New Jersey eyes panic buttons for hotel workers to call help

ATLANTIC CITY, N.J. (AP) -- New Jersey is considering requiring most hotels to provide employees with panic buttons they can use to summon help if they are threatened or attacked while cleaning rooms.

A bill pending in the state Legislature would require the devices to be provided at any hotel with 25 or more rooms.

The buttons would enable an employee to instantly call for help.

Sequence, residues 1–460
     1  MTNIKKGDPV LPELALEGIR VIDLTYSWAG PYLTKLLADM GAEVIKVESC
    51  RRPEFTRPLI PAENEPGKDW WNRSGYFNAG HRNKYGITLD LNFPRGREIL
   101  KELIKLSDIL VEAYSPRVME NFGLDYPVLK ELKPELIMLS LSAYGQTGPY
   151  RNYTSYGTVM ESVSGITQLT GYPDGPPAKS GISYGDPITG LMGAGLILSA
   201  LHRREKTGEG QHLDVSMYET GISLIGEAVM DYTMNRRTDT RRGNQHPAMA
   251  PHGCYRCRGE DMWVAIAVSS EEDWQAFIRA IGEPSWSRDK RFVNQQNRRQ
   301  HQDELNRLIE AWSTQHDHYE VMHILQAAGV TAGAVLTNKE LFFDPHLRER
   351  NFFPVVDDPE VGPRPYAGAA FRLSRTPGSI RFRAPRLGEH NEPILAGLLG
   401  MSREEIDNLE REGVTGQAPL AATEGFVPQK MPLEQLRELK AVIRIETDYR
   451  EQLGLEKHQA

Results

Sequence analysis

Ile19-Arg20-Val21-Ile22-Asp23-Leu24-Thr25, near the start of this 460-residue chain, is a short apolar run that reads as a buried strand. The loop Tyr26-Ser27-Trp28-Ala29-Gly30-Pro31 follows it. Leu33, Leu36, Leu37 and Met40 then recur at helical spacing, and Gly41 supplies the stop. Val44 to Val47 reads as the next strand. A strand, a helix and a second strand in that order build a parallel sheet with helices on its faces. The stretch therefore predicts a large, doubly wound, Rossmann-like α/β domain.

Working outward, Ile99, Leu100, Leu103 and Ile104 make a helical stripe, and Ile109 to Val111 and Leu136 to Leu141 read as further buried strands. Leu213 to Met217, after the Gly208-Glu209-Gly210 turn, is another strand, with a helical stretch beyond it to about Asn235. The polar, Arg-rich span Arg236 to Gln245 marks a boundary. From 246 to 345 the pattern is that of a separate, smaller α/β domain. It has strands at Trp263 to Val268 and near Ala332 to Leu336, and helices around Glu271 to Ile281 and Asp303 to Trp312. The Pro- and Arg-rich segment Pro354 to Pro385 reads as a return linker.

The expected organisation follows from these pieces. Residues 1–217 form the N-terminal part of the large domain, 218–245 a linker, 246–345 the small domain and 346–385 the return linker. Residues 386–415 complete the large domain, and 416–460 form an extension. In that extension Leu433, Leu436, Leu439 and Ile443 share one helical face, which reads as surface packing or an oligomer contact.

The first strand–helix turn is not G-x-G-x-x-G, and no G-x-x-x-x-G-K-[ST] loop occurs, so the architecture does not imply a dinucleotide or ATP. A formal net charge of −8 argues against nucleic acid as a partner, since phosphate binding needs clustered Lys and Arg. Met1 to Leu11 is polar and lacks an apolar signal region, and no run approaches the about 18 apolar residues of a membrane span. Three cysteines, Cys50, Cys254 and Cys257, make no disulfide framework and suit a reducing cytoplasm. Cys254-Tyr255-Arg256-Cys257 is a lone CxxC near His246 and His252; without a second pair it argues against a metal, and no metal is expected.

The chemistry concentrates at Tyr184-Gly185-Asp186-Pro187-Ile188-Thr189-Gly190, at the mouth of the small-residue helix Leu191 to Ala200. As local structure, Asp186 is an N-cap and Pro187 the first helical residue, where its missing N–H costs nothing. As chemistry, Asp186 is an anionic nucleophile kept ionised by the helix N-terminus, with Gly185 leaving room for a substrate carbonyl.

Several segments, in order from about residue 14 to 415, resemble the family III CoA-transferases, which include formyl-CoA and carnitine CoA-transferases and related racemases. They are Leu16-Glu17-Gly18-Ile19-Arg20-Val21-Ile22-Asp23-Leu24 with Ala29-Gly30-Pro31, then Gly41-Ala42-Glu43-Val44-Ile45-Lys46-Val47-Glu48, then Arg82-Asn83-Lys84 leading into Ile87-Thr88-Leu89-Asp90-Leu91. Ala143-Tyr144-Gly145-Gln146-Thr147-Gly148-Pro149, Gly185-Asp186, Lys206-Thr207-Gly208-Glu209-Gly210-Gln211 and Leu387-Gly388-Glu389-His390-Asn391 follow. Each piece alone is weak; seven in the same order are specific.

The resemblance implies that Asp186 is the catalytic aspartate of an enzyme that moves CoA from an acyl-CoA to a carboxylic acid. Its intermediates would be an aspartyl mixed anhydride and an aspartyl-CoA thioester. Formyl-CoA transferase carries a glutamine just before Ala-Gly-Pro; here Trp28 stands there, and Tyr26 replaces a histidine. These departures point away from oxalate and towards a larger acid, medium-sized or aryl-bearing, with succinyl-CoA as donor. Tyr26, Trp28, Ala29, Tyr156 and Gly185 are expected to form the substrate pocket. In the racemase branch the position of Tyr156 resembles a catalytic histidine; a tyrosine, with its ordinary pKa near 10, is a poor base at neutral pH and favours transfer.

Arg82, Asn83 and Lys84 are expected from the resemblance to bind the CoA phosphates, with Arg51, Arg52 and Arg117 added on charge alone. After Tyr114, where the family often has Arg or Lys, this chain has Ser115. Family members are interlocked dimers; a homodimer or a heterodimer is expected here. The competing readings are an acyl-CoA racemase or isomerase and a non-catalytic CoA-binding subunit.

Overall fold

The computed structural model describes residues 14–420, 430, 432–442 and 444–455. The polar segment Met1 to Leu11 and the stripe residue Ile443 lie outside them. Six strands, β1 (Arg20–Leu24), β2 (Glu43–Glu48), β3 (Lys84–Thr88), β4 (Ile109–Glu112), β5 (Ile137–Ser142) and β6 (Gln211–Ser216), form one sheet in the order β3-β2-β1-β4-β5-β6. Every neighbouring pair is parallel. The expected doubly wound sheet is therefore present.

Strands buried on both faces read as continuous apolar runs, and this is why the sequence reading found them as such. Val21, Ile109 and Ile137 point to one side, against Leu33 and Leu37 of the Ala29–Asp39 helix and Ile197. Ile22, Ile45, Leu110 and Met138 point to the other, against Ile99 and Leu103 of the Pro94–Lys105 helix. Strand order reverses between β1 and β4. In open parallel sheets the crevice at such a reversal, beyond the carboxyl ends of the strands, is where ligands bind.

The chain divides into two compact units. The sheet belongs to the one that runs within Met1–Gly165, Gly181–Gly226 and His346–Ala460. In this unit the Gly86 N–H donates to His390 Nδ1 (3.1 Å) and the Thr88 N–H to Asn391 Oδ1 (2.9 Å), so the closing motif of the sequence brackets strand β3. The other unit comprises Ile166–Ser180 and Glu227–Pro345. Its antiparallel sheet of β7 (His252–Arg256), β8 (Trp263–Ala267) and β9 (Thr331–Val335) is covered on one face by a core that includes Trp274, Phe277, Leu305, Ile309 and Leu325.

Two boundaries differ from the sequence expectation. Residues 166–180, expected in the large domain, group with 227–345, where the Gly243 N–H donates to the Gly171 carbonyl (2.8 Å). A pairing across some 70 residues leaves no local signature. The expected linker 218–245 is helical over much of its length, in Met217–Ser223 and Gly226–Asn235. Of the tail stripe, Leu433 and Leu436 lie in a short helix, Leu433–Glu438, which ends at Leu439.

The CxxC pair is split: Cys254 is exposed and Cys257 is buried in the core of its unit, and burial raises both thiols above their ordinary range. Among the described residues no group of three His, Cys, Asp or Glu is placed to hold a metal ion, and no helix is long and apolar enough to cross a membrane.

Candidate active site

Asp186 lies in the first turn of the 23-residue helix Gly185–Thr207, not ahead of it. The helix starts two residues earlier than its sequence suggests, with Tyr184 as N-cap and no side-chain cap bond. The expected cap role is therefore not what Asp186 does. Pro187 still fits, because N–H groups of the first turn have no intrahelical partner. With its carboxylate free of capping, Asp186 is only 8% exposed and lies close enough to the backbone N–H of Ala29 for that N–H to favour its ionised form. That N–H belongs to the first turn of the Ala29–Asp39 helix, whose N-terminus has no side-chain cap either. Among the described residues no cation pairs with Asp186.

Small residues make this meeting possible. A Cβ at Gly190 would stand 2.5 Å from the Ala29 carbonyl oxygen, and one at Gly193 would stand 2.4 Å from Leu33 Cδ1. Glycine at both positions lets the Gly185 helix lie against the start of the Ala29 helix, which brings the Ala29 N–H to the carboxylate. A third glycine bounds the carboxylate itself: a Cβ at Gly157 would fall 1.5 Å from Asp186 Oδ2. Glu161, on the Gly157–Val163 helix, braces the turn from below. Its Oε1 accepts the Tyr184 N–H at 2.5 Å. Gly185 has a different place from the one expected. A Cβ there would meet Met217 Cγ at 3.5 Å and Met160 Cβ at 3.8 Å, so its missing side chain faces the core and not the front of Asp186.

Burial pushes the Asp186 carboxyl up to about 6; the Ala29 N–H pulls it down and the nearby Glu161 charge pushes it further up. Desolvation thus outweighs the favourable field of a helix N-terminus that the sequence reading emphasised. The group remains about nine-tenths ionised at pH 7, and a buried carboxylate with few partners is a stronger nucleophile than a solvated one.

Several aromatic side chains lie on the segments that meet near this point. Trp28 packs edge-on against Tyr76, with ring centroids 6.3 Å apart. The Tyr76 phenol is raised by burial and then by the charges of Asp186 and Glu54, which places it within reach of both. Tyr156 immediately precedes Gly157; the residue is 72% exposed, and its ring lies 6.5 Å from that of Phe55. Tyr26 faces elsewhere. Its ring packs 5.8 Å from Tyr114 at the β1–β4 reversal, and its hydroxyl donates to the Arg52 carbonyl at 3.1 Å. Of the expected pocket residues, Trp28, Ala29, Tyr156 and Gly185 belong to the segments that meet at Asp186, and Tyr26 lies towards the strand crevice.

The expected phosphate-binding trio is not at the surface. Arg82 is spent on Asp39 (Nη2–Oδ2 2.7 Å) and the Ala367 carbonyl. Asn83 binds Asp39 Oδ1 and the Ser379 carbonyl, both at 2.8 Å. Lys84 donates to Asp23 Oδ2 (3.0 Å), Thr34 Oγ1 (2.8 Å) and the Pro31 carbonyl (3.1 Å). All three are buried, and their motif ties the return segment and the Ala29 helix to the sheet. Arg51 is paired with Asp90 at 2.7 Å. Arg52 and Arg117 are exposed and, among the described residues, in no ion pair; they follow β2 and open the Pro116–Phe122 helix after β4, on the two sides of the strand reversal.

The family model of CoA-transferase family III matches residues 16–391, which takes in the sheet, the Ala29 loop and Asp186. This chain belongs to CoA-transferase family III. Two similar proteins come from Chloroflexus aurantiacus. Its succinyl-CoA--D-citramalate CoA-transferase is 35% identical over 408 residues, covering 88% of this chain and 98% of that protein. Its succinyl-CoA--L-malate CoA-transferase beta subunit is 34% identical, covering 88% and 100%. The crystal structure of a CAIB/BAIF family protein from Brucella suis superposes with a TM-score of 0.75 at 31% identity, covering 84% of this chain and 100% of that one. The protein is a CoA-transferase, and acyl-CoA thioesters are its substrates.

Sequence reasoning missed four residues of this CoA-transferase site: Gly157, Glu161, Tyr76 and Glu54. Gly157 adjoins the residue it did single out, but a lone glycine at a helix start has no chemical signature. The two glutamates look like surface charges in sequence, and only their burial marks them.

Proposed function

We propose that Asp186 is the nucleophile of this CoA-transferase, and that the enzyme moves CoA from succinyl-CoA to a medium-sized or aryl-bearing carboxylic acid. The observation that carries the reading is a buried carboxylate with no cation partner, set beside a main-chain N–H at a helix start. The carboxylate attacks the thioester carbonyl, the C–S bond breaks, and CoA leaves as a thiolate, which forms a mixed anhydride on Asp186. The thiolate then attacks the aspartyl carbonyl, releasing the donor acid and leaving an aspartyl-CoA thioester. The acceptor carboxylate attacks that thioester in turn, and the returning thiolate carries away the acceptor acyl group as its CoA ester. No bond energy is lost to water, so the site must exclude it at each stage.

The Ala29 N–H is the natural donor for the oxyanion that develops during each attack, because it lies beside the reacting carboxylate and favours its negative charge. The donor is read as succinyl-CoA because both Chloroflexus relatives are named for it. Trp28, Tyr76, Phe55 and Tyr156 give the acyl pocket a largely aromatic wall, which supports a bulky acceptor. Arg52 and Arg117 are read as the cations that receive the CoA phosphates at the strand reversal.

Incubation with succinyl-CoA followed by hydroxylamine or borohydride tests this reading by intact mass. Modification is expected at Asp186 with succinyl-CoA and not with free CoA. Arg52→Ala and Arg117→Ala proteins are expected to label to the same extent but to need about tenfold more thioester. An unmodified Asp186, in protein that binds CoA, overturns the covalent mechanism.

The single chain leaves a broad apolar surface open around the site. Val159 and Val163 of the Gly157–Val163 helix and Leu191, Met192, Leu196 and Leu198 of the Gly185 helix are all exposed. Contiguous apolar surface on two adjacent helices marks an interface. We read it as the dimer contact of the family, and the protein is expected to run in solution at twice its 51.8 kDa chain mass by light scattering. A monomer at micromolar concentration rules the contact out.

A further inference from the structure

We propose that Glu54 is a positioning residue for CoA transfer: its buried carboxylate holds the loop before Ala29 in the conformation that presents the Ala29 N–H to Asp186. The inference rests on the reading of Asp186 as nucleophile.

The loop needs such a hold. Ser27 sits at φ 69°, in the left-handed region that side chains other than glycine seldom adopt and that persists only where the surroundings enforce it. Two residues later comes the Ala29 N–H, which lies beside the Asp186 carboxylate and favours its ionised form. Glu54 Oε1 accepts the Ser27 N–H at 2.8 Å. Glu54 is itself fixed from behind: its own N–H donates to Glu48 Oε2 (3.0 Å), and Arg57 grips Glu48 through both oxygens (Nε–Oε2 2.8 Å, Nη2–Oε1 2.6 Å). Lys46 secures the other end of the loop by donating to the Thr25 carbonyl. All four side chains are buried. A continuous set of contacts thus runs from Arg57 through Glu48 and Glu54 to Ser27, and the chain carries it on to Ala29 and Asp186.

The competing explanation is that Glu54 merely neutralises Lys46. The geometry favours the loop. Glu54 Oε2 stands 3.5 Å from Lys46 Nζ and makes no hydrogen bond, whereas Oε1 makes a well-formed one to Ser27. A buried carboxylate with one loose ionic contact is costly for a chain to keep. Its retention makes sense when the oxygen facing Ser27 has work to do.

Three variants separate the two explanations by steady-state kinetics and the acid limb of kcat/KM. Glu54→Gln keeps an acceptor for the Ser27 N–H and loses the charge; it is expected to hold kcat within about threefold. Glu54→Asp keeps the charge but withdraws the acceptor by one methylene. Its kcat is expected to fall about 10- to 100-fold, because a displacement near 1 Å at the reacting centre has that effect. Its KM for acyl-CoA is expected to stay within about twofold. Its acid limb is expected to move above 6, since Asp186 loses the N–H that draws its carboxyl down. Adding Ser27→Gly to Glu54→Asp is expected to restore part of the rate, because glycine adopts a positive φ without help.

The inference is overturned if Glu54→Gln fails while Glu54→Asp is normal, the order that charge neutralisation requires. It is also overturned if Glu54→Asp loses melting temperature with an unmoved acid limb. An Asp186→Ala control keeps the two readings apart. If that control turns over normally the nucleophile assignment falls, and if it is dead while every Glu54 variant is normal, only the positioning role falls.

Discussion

Bob McDevitt, head of the main Atlantic City casino workers' union, says the devices are already in use at some hotels in Las Vegas, New York and Chicago.

He says hotel guests harassing or making room cleaners uncomfortable is a common occurrence.

In February, a hotel worker at Bally's casino in Atlantic City was pushed into a room and sexually assaulted.